After telling her how he cannot believe the condition of the walls and ceilings in the apartment, he says that he would consider doing the work but he couldn't take less than 4000 shekels for such a job. When she complains that another painter offered her 2000 for the same work, he immediately drops his price to 2000 shekels, but without painting any radiators. A date is set and he asks for a 500 shekel advance "to buy materials." She writes him a postdated check and fills in the name that he gives her. Giving him a second look, she decides to place two parallel lines over his name on the check.
He scribbles his estimate on a piece of paper along with his cellphone number, noting that he received 500 shekels for the purchase of materials. He signs and leaves: never to be seen nor heard from again. The check she gave him is quickly turned over to a check cashing business. Mr. Painter gets his money, and the check cashing business deposits Mrs. Levy's check in their very active account. Mrs. Levy cancels the check when Mr. Painter fails to show up and never turns on his cellphone.
Four weeks later, she receives a registered letter from Attorney Toughy, representing a check cashing company that she has never heard of. He demands immediate payment of the 500 shekel check, plus 250 shekels for his fee. At the bottom of the letter, there is an excerpt from an Israeli law stating that she could be imprisoned or given a large fine for failure to honor her check. What should Mrs. Levy do?
Answer and Discussion
In both situations, Mrs. Cohen and Mrs. Levy must pay for the checks. They had better do it soon or else the checks will be placed for collection in the Misrad Hotza'ah Lapoel. Once a file is opened there, things can get quite nightmarish
One can always find exceptions to rules, but the general rule in Israel is that except for outright theft, any check in the hands of an innocent third party is enforceable. It is considered to be like a court judgment, and the signer of the check or endorsee is guilty until proven innocent. There is no obligation on the part of Tnuva to investigate Mr. Grocer's motives before they take his check. Similarly, the check cashing firm has no obligation whatsoever to investigate why Mr. Painter is passing on a check.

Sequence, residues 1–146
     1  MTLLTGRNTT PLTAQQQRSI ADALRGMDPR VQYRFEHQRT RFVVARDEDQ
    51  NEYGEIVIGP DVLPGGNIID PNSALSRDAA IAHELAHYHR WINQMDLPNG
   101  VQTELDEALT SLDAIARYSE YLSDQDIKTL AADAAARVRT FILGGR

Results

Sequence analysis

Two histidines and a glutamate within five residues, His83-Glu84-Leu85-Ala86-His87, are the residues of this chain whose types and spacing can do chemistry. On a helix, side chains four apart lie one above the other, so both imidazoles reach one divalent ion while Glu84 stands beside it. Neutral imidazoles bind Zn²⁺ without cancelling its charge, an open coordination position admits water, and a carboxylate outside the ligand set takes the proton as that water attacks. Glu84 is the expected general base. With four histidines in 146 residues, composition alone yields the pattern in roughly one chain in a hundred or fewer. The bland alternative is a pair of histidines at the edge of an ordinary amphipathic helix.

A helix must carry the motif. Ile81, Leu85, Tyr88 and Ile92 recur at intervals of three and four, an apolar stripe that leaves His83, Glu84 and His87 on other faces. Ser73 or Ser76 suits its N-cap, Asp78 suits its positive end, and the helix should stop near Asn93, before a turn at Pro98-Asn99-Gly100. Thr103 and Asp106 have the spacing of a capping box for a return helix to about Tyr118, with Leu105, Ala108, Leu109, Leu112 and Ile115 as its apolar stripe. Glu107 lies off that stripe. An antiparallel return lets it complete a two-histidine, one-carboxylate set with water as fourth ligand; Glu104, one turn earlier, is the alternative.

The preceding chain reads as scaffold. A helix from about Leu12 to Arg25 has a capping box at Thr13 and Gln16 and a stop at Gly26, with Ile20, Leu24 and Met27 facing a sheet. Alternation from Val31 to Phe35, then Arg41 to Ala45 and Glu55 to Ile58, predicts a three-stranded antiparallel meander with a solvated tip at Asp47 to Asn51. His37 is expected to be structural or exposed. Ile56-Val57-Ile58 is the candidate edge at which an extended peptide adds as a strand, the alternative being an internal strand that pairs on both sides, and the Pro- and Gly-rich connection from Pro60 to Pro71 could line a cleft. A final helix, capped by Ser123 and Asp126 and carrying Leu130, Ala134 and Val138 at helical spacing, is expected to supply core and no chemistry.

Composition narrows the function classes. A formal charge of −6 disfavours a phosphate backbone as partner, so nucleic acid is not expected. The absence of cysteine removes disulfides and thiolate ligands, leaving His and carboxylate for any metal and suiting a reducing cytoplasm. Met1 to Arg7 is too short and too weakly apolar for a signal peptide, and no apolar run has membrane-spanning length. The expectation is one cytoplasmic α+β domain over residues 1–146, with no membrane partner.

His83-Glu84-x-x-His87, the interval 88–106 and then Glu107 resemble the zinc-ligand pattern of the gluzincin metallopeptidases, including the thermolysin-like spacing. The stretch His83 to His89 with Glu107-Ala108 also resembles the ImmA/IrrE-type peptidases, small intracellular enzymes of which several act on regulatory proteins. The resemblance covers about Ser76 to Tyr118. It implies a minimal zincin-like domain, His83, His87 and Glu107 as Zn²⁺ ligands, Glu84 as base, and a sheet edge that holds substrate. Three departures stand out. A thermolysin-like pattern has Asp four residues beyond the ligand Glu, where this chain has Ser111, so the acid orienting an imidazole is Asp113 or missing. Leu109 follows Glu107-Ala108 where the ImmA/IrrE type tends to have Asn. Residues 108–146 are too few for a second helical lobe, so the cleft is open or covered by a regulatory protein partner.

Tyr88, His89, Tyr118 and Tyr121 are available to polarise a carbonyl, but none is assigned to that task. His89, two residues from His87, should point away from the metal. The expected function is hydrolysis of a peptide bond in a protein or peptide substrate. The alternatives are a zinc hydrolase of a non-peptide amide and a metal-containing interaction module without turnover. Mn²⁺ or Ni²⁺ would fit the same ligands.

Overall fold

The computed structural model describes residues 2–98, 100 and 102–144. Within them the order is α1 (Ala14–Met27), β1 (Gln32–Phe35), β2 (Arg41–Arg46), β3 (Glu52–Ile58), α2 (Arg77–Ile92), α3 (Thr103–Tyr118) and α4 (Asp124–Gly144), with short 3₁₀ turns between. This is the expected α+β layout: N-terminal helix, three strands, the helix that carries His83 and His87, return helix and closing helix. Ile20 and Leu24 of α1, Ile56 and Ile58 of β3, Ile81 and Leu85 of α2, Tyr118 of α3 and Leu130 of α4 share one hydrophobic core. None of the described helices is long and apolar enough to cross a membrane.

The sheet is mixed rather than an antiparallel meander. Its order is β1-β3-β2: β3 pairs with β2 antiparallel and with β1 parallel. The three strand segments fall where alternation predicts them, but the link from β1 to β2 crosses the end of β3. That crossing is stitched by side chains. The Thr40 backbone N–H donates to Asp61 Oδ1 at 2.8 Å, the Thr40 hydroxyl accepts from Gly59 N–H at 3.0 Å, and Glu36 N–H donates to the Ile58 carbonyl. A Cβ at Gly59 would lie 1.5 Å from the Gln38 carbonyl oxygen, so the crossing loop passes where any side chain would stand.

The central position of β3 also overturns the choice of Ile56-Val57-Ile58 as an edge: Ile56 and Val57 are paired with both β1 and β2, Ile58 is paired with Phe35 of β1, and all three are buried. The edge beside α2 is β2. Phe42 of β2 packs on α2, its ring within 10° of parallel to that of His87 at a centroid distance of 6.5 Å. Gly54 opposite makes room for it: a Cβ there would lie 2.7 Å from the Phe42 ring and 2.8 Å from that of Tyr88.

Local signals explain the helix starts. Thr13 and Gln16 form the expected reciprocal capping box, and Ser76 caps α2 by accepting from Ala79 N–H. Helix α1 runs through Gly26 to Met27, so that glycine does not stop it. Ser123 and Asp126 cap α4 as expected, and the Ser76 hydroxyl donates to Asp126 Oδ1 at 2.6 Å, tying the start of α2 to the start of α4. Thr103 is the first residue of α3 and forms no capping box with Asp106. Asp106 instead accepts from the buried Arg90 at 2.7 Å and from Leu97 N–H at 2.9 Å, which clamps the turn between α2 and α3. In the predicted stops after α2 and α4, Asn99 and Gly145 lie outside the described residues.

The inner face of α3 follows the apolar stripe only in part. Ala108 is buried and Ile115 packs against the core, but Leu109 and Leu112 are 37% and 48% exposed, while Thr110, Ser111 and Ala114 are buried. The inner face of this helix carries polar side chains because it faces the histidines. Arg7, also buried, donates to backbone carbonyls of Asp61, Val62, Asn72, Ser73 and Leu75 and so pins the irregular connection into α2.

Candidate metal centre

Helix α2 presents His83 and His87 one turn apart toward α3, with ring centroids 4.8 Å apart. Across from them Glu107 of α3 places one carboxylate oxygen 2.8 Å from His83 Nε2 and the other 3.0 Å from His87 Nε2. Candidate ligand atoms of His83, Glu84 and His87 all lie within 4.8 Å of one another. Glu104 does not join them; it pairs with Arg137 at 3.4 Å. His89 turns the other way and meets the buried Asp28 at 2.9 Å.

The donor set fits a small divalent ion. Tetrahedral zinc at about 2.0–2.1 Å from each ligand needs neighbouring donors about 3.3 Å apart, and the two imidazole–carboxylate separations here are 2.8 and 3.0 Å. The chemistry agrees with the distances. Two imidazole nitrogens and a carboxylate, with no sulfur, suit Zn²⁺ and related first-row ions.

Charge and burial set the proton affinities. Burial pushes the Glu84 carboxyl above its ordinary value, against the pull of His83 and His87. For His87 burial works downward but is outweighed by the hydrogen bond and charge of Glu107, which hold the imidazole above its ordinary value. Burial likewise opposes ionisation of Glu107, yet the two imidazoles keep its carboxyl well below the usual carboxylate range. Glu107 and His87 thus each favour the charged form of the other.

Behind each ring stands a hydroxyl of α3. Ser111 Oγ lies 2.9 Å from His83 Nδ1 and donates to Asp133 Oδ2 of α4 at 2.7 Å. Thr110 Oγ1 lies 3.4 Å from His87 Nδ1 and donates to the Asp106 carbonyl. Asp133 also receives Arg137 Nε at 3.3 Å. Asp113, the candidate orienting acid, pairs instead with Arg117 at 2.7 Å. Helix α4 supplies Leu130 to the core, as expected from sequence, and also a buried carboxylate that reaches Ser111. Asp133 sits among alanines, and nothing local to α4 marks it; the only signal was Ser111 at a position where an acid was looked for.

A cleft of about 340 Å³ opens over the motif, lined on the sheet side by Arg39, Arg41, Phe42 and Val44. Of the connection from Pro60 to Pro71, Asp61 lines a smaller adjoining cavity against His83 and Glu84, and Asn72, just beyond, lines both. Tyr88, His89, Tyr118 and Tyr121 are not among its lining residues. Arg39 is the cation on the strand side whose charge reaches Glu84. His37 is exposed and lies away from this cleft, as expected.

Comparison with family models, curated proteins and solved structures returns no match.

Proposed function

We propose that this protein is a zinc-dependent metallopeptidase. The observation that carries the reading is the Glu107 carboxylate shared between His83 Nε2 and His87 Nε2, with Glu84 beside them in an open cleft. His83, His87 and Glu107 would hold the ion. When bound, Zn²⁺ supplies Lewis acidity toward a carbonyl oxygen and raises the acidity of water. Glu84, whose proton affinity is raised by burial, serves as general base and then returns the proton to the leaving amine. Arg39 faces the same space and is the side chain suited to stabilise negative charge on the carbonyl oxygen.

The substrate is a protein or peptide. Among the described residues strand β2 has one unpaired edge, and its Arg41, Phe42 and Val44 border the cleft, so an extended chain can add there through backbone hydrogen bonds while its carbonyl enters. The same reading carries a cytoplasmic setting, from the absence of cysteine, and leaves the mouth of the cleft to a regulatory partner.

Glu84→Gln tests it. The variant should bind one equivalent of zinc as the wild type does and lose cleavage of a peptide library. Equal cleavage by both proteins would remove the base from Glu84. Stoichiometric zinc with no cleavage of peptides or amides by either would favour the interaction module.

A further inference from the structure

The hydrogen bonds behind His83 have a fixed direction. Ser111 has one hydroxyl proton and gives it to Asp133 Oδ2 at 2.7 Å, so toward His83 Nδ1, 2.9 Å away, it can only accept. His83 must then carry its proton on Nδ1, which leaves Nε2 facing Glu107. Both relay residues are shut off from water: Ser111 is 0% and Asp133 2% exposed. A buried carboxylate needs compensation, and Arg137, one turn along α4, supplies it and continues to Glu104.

It does not matter that the grocer didn't press her to pay immediately.
It does not matter that Mrs. Levy put two parallel lines above the name of the so-called painter.
It does not matter that Mr. Painter is a dishonest person as far as the check is concerned.
Clearly, Mr. Painter would lose if he personally tried to enforce collection of the check. However, a third party can enforce payment of the check.
Mrs. Levy definitely has a legal claim against Mr. Painter, if she can find him. Remember, however, we don't know if the name he gave her was real.
The two parallel lines that Mrs. Levy placed over the painter's name did not limit transfer of the check. Two parallel lines over the name of the payee means that this check must be deposited in order to receive its value. Without those two lines, the payee or third party endorsee may approach the bank and withdraw the cash value of the check directly from the bank.
In the case of the grocer, since Mrs. Cohen had already received the value of what she was paying for, she doesn't care if the check is passed on. In a real situation, Mrs. Cohen should have asked for her check back in order to replace it. Mrs. Cohen is well advised to immediately contact Tnuva's attorney and deal with the problem responsibly. Some attorneys respond well to a straightforward approach and will even forgive a portion of their legal fees in return for prompt payment, or else will work out a comfortable repayment schedule.
In the second scenario, Mrs. Levy had not yet received the value of what she paid for and should have insisted on writing a check with the words lamutav bilvad(for the beneficiary only) clearly written on the face of the check above the name of the payee.
This is the only way to prevent the check from being passed on. Whenever value is not yet received, it is advisable to write clearly on the face of the check in lamutav bilvad in Hebrew.
Unfortunately, there are many stories like this and the public must be knowledgeable to avoid unnecessary aggravation and hardship over collection practices.